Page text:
Over the years, the authorities have implemented a slew of measures to address spats between neighbours. These include setting up a Community Advisory Panel on Neighbourhood Noise in April 2022 to study the issue of neighbourhood noise and make recommendations to manage the issue.
According to the Ministry of National Development (MND), the Housing & Development Board (HDB) received about 2,300 cases of feedback on average per month last year.
This figure is lower compared to 2020 and 2021 - when the numbers averaged 2,500 and 3,200 cases per month respectively - but is still higher than pre-pandemic figures. In 2019, it was 400 cases a month.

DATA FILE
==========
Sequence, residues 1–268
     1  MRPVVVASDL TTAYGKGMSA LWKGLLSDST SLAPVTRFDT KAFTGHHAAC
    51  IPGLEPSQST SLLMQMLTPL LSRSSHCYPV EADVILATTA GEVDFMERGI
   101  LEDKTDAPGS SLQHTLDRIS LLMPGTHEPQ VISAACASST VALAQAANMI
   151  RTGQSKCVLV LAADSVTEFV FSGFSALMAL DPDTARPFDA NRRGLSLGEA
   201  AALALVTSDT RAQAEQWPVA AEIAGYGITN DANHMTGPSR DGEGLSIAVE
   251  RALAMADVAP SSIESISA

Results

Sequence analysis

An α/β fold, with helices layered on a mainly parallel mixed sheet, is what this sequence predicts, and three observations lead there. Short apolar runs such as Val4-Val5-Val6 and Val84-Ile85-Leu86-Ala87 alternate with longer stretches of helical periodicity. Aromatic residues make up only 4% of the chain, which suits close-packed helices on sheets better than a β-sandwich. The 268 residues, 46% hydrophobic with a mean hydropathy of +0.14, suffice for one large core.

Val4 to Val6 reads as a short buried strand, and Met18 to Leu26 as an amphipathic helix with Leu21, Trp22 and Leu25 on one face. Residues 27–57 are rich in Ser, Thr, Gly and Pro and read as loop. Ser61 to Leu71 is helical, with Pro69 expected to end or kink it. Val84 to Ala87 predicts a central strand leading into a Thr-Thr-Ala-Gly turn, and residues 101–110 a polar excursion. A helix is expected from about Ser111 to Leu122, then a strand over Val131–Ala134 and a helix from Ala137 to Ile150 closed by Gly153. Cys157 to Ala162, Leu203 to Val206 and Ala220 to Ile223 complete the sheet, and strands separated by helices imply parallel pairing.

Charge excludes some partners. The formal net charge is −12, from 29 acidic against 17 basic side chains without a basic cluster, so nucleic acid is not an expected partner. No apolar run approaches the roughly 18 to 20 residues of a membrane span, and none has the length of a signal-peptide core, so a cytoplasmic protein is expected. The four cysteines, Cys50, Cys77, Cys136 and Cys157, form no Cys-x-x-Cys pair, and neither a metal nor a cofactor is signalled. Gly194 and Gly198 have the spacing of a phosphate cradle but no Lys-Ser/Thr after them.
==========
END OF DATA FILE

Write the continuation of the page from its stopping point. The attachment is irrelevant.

An inter-agency committee by the Ministry of Culture, Community and Youth, Ministry of Law and MND said on Wednesday that the proposed enhancements to the CDMF seek to encourage pro-social behaviour, facilitate amicable resolution, and resolve neighbour disputes at an early stage as far as possible.
The proposed enhancements would allow for more targeted and effective intervention in serious neighbour disputes, such as cases where disturbances are sustained and intentionally created to harass others.
This involves empowering public officers and personnel acting on behalf of government agencies to investigate nuisance cases and carry out enforcement actions.